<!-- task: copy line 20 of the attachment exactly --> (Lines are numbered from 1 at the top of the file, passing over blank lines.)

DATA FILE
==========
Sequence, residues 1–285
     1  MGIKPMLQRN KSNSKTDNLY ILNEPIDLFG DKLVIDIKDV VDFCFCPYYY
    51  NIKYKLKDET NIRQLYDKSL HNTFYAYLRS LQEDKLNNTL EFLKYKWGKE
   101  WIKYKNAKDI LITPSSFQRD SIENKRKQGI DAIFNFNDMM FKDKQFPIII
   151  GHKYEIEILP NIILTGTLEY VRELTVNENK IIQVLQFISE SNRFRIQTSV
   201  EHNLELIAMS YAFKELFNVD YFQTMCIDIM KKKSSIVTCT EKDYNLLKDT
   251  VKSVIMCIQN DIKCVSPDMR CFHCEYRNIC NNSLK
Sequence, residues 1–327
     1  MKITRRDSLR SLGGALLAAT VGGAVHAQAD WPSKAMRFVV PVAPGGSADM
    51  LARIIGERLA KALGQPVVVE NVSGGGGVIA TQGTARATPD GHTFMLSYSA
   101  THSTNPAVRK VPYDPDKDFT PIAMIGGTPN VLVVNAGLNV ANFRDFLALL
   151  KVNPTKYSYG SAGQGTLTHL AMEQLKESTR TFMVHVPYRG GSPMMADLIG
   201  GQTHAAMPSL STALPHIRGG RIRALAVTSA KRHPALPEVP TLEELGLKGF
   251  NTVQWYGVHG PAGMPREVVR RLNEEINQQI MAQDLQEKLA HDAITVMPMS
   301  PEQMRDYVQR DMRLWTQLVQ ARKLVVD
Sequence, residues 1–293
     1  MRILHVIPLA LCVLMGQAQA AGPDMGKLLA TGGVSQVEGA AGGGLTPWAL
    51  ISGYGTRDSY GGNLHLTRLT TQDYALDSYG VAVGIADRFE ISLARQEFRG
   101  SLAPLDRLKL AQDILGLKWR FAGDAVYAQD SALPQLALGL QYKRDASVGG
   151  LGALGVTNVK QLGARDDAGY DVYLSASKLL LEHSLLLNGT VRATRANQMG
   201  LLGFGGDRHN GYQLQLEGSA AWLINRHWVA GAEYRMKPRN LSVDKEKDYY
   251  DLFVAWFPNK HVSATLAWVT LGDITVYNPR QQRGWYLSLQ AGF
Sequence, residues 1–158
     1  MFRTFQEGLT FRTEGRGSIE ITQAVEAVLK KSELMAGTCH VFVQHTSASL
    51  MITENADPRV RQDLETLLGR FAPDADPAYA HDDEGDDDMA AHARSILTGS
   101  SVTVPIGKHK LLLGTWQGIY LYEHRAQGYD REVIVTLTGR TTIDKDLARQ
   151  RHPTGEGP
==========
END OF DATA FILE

   151  LGALGVTNVK QLGARDDAGY DVYLSASKLL LEHSLLLNGT VRATRANQMG